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18 Apr 2014, 01:37
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In C term action is a typo... following is a copy from other source.

Economic considerations colour every aspect of international dealings, and nations are just like individuals in that the lender sets the terms of its dealings with the borrower. That is why a nation that owes money to another nation cannot be world leader.
The reasoning in the passage assumes which one of the following?
(A) A nation that does not lend to any other nation cannot be a world leader.
(B) A nation that can set the terms of its dealings with other nations is certain to be a world leader.
(C) A nation that has the terms of its dealings with another nation set by that nation cannot be a world leader.
(D) A nation that is a world leader can borrow from another nation as long as that other nation does not set the terms of the dealings between the two nations.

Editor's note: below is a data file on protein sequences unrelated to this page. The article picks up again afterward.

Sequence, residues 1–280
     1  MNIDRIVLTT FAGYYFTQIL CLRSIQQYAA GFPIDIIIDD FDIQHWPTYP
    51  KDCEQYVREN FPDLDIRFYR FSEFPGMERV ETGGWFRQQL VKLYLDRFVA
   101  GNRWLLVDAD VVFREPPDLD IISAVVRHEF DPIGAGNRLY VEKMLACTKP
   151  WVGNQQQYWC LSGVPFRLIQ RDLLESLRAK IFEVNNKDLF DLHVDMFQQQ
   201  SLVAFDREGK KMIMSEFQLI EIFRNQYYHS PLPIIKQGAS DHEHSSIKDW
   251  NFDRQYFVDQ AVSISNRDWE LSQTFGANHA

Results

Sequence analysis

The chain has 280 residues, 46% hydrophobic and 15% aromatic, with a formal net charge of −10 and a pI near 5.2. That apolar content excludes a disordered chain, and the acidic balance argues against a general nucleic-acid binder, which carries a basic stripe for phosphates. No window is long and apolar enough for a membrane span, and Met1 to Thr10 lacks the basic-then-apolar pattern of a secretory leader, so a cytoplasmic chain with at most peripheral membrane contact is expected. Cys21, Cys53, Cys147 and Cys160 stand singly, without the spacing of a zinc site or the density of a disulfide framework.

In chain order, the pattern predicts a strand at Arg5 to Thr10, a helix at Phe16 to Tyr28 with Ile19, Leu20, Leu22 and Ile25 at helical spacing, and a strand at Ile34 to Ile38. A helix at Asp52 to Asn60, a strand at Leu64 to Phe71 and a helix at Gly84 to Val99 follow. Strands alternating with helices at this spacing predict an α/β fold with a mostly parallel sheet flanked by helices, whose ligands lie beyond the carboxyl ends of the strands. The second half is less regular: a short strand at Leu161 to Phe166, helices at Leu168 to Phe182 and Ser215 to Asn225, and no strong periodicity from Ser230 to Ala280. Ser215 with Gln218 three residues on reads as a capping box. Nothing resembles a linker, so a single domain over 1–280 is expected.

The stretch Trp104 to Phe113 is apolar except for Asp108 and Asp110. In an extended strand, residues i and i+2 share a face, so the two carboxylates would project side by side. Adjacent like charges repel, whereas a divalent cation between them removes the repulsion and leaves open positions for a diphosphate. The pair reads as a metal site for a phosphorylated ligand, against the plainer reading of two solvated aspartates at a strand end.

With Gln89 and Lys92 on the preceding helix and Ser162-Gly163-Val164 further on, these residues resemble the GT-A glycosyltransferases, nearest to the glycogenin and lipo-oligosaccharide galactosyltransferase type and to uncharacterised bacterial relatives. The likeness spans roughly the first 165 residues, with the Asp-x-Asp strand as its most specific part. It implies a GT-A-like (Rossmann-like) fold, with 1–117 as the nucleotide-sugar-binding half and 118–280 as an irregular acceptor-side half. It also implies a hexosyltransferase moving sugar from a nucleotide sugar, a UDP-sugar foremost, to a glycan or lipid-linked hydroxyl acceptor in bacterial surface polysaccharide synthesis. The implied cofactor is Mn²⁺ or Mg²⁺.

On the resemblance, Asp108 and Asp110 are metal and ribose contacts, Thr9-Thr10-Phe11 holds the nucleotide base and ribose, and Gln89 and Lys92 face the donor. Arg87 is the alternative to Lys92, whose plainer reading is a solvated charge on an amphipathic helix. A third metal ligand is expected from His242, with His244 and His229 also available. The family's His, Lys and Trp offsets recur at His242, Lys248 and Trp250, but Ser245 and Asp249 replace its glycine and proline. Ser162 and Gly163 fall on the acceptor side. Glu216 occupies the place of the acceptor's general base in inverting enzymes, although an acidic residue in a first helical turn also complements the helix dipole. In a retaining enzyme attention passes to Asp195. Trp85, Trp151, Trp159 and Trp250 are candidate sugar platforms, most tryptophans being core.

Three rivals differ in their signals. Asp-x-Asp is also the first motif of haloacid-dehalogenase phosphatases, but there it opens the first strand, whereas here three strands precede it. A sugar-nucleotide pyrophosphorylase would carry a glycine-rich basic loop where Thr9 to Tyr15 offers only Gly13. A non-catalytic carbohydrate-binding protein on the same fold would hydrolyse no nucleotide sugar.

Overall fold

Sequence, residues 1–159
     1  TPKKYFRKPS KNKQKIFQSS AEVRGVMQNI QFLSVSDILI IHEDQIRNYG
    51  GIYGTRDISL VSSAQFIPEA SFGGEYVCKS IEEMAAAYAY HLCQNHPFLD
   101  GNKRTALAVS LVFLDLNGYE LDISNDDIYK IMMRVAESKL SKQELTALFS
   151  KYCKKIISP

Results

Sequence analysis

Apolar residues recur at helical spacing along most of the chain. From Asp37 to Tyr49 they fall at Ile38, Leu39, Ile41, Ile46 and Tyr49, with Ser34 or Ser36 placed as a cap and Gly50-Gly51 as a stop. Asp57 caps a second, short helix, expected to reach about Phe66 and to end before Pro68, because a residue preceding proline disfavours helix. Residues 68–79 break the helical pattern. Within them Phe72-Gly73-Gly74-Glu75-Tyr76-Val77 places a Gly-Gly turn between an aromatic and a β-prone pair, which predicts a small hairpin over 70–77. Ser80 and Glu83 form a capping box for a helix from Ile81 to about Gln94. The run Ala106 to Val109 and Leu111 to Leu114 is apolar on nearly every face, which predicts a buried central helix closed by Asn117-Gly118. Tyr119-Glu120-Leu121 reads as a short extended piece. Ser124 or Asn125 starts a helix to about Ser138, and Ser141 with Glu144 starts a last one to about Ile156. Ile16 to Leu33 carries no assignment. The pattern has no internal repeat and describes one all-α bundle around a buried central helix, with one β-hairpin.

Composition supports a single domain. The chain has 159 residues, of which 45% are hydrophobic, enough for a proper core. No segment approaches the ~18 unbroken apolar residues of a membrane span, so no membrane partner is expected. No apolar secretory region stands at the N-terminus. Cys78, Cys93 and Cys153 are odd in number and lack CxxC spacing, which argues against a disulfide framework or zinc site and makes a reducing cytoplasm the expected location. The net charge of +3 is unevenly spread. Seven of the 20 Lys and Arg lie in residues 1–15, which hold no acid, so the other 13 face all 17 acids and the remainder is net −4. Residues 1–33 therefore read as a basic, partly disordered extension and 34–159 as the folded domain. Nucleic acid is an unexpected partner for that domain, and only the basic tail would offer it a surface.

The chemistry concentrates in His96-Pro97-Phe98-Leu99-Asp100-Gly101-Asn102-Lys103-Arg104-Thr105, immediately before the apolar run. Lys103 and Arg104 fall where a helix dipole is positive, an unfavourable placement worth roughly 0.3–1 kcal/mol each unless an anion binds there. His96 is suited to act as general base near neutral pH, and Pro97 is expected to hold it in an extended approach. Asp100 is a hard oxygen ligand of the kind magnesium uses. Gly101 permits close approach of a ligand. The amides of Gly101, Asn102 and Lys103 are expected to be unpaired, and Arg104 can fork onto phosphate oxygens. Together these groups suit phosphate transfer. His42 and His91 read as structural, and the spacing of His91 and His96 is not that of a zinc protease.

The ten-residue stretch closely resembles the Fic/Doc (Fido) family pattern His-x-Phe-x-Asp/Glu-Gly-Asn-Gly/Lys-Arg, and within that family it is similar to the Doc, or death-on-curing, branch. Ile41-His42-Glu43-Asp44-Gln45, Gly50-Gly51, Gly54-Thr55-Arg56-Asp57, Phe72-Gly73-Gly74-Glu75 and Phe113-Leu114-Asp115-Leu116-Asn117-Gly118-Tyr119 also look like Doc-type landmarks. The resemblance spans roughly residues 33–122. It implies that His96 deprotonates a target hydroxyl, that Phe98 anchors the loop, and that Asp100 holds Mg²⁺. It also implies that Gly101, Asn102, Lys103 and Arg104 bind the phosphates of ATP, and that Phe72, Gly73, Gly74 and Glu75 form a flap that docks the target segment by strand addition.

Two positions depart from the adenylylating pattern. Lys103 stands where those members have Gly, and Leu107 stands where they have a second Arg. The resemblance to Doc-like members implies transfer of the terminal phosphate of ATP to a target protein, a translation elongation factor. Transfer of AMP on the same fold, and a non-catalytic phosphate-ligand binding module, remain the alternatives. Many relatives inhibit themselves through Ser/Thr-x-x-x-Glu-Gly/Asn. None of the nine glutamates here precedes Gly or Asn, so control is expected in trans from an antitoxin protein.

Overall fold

(E) A nation that has no dealings with any other nation cannot be world leader.
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Re: Economic considerations color every aspect of international  [#permalink]

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28 Oct 2015, 04:22
I just want to ask why it can not be D. I also narrowed it down to C and D, but I found that the premise says that lender sets dealings for their borrower. So I thought that the assumption should be D.
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Re: Economic considerations color every aspect of international  [#permalink]

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20 Apr 2016, 07:58
why is E wrong or out of context?
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Re: Economic considerations color every aspect of international  [#permalink]

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20 Apr 2016, 08:00
What I wanted to say that, in order to be a leader you need to have some dealings, especially commanding attitude, but if there no dealings then that nation can never be a leader
Re: Economic considerations color every aspect of international   [#permalink] 20 Apr 2016, 08:00